You’d expect a destination that’s 2.5 times the size of Texas to have a few secrets. Here are 14 hidden Alaska gems worth visiting.
Cultural anthropologist and award-winning author Richard K. Nelson passed away in 2019 at the age of 77.
Though reaching the best spots for rockhounding Alaska may not be easy, the state’s geological riches rival its scenery in thrills and diversity.
Reflections of a carnivore
Capturing the spirit in the sky
A SHIMMER OF LIGHT FLICKERS OVER THE KOBUK RIVER AND THE CURVE OF THE BORNITE HILLS. Then another. As I gaze eastward, yellow-white tongues of fire rise from the horizon, accelerate in pulsing curtains that blaze overhead, shred and vanish, then form again.
Three parks, 17 million acres, as wild as it ever was.
Delivering plants and seeds and rototillers to Inupiaq Eskimo gardeners.
[by Seth Kantner]
A photographic journey of the heart I knelt behind my camera tripod, gazing from the edge of a sandy knoll, northward up the Nuna valley. A few yards away, a fortyish Japanese man did the same. Before us, a weathered caribou skull lay in a blood-red swath of bearberry; beyond, an immense sweep of autumn tundra glowed beneath a furling expanse of clouds, squalls, and sun. Occasionally moving his lips without speaking, my companion seemed adrift in a trance as he studied land and sky, making adjustments and squeezing the shutter release. I divided my time between scanning the country for caribou and studying him—emulating lens choice and angle, trying and failing to mimic both his technical command and his absolute-in-the-moment absorption. At last, he turned toward me with a smile that seemed to mirror the land’s radiance. Oh look, Neek, look! It is all so beautiful. The man was…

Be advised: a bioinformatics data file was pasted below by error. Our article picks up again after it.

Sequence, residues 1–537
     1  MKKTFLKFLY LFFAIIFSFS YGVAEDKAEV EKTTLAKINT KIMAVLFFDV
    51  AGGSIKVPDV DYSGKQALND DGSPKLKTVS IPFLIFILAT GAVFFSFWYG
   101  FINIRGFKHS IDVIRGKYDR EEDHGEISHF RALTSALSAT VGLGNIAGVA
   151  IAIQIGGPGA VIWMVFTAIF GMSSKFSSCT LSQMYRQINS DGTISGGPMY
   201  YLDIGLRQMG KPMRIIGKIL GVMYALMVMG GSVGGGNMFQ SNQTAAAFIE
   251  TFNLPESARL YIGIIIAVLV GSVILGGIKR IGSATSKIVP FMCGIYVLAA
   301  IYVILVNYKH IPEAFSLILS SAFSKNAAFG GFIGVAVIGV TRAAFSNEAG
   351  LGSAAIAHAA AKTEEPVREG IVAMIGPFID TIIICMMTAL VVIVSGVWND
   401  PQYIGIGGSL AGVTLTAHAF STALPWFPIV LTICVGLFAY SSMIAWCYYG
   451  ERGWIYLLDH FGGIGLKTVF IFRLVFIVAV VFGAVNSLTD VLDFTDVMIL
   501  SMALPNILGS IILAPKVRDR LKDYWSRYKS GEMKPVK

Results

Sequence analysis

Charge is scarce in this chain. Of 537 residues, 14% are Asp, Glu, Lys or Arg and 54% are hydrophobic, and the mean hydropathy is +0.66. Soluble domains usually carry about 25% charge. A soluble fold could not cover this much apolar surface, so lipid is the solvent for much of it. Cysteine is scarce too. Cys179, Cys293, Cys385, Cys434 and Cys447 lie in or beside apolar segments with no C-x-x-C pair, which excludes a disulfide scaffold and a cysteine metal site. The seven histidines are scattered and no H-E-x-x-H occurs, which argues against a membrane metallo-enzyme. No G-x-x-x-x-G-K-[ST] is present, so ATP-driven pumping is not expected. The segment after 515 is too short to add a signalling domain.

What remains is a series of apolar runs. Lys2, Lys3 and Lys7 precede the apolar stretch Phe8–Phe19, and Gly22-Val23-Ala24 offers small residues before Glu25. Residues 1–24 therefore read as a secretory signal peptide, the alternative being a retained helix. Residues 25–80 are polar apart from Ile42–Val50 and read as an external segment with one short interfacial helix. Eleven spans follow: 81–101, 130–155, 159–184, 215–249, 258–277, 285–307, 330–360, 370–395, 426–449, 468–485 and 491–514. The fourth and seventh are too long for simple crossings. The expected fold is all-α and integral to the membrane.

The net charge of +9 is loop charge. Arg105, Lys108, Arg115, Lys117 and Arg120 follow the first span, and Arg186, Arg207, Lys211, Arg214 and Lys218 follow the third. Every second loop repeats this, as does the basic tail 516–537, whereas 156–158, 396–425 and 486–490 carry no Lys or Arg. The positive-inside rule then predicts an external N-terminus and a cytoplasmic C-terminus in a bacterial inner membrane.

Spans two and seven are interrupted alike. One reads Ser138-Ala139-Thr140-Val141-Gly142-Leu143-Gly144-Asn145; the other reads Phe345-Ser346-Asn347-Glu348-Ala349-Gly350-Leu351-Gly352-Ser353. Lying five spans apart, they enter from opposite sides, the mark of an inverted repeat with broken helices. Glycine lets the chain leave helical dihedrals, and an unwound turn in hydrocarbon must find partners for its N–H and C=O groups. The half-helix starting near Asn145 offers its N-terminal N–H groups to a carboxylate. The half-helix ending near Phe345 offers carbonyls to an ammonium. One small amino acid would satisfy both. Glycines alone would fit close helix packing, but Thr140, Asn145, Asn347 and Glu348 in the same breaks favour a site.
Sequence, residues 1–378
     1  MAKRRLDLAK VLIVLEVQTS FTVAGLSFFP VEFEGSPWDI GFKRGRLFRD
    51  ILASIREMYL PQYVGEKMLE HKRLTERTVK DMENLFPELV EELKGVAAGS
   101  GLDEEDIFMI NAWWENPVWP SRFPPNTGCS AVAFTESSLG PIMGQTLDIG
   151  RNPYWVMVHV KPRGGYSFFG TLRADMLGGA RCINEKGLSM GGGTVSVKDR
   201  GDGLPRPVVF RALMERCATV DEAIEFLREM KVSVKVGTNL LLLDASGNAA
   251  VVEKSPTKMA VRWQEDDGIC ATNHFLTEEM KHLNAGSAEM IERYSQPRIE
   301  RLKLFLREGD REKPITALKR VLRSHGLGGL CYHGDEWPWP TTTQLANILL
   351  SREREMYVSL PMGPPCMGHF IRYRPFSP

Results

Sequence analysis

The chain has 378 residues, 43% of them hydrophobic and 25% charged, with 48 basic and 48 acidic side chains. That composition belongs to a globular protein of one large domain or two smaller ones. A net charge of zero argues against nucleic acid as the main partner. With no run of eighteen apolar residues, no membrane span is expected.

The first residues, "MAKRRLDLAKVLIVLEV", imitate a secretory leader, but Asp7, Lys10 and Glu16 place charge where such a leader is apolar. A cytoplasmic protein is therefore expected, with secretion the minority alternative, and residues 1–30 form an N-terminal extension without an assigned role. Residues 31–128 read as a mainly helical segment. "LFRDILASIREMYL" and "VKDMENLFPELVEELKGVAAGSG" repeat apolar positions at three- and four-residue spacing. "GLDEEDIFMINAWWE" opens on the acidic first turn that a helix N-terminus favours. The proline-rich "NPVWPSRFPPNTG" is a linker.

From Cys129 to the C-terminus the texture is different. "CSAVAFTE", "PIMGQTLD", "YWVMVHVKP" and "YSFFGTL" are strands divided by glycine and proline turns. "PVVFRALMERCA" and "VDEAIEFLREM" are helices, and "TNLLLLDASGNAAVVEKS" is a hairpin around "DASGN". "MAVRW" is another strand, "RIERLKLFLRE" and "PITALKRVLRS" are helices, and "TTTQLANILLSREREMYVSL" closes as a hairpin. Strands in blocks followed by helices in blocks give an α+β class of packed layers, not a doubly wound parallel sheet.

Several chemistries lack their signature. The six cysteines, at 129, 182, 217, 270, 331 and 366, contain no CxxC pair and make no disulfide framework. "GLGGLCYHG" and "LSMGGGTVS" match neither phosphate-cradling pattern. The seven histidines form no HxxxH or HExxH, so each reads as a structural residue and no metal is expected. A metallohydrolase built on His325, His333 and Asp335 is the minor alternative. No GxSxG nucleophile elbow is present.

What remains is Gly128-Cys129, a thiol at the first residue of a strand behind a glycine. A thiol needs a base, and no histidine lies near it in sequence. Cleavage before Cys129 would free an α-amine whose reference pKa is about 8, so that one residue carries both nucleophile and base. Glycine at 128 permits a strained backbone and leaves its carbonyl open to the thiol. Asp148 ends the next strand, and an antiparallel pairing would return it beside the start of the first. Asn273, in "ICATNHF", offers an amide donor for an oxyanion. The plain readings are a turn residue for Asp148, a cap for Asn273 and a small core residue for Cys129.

Loss beyond years and miles I’ve just checked my box at the Ambler post office on a mid-August afternoon; Sarah Tickett might have smiled and handed me my mail; instead, it’s someone else. Just across the trail stands Nelson and Edna Greist’s plywood cabin. The door is open, an armload of wood on the stoop; a familiar, fireweed-framed clutter fills the yard. But there’s no sign of Nelson sitting in his spot to the right of the door, working on a piece of spruce or jade; no huge, squinting, gap-toothed smile as he invites me in with his signature “Gonna coffee!” and he and Edna welcome me like a long-lost relative; no Inupiaq legends or tales of his youth, living from the land in the wind-raked Killik River country, his family sometimes on the edge of survival. Another couple hundred yards toward my place on the downstream edge…
Nick Jans on what it’s like to be a snowbird who splits his time between Florida and Alaska.